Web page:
Microcap Company CEO Convicted Of Securities Fraud For Falsely Claiming Millions In Revenue From Contracts With Foreign Countries
NEWARK, N.J. – The chief executive officer of a publicly traded microcap company was convicted at trial for orchestrating a multi-million securities fraud scheme using false reports with the U.S. Securities and Exchange Commission, U.S. Attorney Craig Carpenito announced today.
Cary Lee Peterson, 38, of Phoenix, Arizona, was found guilty of all three counts of an indictment charging him with two counts of false certification in SEC filings and one count of securities fraud. He was convicted following a two-week trial before U.S. District Judge Anne E. Thompson in Trenton federal court. The jury deliberated for approximately an hour before returning its verdict on May 23, 2018.
According to documents filed in this case and evidence presented at trial:
Peterson, as CEO of RVPlus Inc., filed numerous false reports with the SEC, including:
- On Aug. 21, 2012, Peterson falsely certified on SEC Form 8-K that RVPlus had entered into a contract worth $1.8 billion with the Ministry of Environment for Katsina State within the Federal Republic of Nigeria to provide unspecified green energy products and services.
- On Nov. 16, 2013, Peterson falsely certified on SEC Form 8-K that RVPlus had entered into a contract worth $90 million with the Commission of the Foreign Affairs to the Senate for the Republic of Haiti.
- On Dec. 21, 2012, Peterson falsely certified on Form 10-Q that RVPlus held $8,653,846 in short-term accounts receivable for services rendered under the Nigeria agreement, despite prior warnings from RVPlus’ auditors that reporting these receivables as revenue was improper.
- On Dec. 27, 2012, Peterson falsely certified on SEC Form 8-K that RVPlus had entered into a contract worth $10.5 million with the Federal Ministry of Planning & Economic Affairs for the Republic of Liberia.
- On March 28, 2013, Peterson falsely certified on SEC Form 10-Q that RVPlus held $17,590,837 in short-term accounts receivable from, among other sources, the Haiti and Liberia agreements.
The SEC suspended trading in RVPlus on July 19, 2013, due to questions concerning the accuracy of RVPlus’ periodic financial filings, including reported accounts receivable, assets, and operations.
Peterson also claimed that ECCO2 Corp., a not-for-profit owned by Peterson was an “affiliate organization” of the U.N. Convention on Climate Change. Peterson claimed that “[t]his status held with the sectors of the United Nations opens many windows of opportunity to over $100 billion in financial aid to fund ECCO2 projects.” ECCO2 was never an affiliate of the U.N. Convention on Climate Change. In fact, the U.N. wrote to Peterson on two separate occasions demanding that ECCO2 stop claiming that it was.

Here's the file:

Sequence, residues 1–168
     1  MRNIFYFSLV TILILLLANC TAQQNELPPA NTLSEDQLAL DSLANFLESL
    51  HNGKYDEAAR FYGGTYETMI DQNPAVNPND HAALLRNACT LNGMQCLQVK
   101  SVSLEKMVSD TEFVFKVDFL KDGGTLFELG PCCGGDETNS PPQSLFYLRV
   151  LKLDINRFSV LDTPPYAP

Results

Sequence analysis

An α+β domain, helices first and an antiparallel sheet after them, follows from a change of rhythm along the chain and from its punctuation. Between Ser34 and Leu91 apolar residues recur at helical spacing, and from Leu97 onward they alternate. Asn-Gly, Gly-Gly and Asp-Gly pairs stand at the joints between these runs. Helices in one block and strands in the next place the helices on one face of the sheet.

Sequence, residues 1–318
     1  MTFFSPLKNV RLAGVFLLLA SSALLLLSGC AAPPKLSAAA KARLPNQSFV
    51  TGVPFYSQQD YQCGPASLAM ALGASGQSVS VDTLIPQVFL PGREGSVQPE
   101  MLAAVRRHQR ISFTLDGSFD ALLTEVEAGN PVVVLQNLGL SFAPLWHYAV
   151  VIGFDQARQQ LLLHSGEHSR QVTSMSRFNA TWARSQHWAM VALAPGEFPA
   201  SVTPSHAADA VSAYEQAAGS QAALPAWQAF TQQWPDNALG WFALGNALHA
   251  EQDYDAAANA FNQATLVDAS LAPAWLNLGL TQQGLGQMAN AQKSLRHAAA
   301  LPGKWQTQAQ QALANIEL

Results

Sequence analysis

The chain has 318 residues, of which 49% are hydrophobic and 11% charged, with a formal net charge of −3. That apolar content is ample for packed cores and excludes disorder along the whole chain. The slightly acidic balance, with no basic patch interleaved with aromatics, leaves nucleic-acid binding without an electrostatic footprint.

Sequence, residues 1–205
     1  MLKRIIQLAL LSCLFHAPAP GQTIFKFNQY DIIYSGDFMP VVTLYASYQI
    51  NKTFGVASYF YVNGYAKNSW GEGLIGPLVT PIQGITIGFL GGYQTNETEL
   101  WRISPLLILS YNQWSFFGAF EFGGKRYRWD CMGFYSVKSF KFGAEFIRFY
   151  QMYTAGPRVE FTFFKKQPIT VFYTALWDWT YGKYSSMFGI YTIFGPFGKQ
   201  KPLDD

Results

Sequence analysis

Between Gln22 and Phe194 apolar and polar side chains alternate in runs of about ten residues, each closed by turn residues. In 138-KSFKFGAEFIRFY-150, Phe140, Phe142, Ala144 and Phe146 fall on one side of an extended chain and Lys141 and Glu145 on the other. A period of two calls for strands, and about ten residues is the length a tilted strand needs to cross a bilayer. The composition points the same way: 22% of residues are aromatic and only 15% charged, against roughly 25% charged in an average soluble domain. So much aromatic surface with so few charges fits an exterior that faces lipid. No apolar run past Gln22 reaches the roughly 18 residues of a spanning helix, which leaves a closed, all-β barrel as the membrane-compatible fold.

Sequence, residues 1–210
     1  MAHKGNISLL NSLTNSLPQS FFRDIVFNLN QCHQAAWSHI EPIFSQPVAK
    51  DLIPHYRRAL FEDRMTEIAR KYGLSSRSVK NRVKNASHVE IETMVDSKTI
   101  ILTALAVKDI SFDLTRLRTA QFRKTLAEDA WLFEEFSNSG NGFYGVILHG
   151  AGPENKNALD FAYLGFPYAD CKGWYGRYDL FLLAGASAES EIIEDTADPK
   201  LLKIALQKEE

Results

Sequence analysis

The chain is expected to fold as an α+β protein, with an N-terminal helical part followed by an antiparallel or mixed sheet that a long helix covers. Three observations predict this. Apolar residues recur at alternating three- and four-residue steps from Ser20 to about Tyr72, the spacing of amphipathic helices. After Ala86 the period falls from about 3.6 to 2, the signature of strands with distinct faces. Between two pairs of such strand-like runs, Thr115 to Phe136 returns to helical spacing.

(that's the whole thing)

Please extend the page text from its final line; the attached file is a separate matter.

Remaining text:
The false certification counts each carry a maximum potential penalty of 10 years in prison and a $1 million fine. The securities fraud count carries a maximum penalty of 20 years in prison and $5 million fine. Sentencing will be scheduled at a later date.
The SEC has a pending civil complaint against Peterson in New Jersey federal court alleging multiple counts of securities fraud.
U.S. Attorney Carpenito credited special agents of the FBI, under the direction of Special Agent in Charge Gregory W. Ehrie in Newark, with the investigation. He also thanked FBI special agents under the direction of Special Agent in Charge John F. Bennett in San Francisco for their assistance with Peterson’s arrest, and the U.S. Securities and Exchange Commission’s New York Regional Office, under the direction of Regional Director Marc P. Berger and Senior Associate Regional Director Sanjay Wadhwa, for its assistance.
The government is represented by Assistant U.S. Attorney Ari Fontecchio of the U.S. Attorney’s Office Criminal Division and Executive Assistant U.S. Attorney Zach Intrater.
Defense counsel: Eric J. Marcy Esq., Woodbridge, New Jersey